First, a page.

The idea, theory and development of the original unit is credited to: Robert (Bob) C. Beck, D. Sc. USA.

While the original circuit is perfectly OK for home construction, it lacks convenient features desired by most users.

The original circuit may be simple but it uses no less than 7 batteries: three 9 V in series to make the 27 V supply, and four AAs to power the IC and the relay. Unlike the Hulda Clark type zappers, this is not a high frequency unit. It can be considered pulsating DC since it reverses polarity about 4 times a second. (bi-phasic, not ordinary square wave) In the original design, a relay is used for polarity reversal. (Not only does a relay use a lot of power to operate but in a 1 hour 'zapping' session it will click about 14,400 times. Being a mechanical device, it cannot match the reliability and life expectancy of an electronic switch.) The relay is replaced with an electronic switching circuit (H-bridge). Only one 9 V battery is used. A precision DC-DC converter generates the required 27 V. This voltage remains stable down to about 4 to 4.5 V battery voltage­with the great advantage that the 'zapping' voltage remains the same throughout the useful life of the battery­until the battery almost literally drops dead.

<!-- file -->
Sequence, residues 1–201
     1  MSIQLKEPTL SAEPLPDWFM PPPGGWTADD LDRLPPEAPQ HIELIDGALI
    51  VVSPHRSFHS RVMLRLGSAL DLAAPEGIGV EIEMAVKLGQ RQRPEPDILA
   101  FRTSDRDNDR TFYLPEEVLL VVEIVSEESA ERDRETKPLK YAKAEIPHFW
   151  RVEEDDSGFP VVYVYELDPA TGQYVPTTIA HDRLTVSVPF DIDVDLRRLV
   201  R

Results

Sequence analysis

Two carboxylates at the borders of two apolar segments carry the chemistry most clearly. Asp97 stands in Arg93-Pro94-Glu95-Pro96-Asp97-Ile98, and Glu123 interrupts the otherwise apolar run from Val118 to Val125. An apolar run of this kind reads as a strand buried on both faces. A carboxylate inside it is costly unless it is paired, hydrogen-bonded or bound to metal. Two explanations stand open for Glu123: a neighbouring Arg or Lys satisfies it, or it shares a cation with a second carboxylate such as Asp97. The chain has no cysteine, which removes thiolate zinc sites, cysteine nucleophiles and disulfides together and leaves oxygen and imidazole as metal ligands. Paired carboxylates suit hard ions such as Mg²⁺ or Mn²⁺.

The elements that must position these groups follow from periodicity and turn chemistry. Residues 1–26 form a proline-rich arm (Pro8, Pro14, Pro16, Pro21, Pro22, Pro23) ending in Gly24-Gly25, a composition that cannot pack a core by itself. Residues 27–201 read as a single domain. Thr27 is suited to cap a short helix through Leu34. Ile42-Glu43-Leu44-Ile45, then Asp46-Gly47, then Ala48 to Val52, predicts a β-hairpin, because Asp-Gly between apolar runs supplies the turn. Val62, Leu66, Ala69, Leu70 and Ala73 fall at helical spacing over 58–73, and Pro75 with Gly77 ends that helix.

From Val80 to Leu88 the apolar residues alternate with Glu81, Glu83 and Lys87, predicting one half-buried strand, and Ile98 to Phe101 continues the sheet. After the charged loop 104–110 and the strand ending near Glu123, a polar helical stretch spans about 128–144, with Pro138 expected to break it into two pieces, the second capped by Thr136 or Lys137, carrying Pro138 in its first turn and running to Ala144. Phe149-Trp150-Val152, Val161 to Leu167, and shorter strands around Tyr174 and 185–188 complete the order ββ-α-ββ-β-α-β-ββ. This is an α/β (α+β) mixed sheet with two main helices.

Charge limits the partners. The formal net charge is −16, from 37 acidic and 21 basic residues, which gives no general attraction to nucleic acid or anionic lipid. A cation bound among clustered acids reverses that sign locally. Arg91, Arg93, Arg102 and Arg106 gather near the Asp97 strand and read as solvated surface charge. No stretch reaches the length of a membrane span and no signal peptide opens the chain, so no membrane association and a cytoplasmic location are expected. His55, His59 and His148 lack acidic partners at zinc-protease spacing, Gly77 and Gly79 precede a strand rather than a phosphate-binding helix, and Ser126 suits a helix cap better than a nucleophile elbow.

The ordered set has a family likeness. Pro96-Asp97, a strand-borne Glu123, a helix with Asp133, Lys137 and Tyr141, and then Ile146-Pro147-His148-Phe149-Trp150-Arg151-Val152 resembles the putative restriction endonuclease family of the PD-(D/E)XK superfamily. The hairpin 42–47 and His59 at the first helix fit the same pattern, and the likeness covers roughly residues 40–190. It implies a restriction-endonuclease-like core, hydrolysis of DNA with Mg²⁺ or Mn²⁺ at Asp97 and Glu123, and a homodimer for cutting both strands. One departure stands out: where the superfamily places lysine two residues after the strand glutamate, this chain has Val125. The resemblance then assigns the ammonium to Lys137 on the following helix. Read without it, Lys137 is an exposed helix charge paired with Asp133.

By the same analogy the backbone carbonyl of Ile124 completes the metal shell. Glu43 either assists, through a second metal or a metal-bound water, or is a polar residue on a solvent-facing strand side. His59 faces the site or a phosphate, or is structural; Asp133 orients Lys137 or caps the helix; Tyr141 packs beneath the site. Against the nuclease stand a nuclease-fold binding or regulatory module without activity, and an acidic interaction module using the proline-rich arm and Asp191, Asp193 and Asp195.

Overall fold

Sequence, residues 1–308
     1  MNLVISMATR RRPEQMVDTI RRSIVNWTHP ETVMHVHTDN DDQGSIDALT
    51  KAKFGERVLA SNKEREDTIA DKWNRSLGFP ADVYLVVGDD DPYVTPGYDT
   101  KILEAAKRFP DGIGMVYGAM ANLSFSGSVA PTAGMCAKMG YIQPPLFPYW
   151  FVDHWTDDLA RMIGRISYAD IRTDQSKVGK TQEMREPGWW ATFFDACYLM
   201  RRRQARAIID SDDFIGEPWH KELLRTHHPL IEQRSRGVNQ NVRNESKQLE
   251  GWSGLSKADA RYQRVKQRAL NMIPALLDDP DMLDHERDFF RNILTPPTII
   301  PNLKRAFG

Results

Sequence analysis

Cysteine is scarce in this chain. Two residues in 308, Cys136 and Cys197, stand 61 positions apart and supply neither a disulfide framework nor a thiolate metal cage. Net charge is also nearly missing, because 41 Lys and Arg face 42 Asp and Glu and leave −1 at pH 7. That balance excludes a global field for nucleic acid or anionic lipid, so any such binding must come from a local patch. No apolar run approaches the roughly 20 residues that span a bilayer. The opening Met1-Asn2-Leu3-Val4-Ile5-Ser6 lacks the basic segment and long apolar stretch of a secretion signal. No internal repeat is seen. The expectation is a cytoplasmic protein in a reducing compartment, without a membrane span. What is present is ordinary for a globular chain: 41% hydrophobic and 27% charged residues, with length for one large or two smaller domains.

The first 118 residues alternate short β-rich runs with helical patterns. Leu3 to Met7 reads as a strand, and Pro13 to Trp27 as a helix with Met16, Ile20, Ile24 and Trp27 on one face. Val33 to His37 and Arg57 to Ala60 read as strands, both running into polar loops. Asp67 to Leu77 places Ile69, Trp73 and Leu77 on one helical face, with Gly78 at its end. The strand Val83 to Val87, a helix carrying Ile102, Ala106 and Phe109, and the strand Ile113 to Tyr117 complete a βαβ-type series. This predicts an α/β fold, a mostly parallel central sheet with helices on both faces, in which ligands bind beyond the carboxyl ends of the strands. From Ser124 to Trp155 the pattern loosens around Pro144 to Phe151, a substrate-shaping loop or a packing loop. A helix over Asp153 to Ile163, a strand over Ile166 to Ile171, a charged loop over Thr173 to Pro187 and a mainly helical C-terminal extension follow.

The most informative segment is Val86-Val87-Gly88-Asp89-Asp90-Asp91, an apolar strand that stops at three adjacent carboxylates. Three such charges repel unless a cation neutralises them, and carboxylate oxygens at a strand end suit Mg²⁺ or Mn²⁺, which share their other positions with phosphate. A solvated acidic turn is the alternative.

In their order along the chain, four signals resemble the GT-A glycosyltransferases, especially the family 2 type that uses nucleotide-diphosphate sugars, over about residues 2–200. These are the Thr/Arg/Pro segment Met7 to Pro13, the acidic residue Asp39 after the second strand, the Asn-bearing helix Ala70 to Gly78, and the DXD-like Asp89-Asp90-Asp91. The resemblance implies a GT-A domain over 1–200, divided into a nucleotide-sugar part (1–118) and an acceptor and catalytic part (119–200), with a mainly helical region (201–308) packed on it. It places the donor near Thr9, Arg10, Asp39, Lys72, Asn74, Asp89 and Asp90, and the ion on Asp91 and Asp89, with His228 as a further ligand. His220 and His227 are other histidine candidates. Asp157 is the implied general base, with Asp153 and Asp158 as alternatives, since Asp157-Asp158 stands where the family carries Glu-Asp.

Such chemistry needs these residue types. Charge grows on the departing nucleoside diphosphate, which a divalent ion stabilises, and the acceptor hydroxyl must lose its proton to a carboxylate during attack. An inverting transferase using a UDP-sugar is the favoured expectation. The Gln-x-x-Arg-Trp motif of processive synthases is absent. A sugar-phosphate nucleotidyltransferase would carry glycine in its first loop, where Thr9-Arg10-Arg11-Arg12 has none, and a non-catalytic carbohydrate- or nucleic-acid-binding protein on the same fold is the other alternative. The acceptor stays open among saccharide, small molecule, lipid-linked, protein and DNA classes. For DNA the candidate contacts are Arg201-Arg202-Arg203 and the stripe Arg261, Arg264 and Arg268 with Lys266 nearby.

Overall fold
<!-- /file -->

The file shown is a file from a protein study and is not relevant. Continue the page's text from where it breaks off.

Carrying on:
This guarantees effective zapping at all times.

(Needless to say, this single battery needs to be replaced more often than the 7 batteries used in the original design. However, this is far more convenient than replacing 7. ) Zapper current is limited to l0mA­the maximum allowed for the human body. Short circuit current is also l0mA, so the unit cannot be damaged if the probes are shorted. The 3.9 Hz oscillator is also modified slightly.

To save battery power, a single flashing light (LED) is used to indicate; 1. unit operating, 2. polarity reversal, 3. battery condition.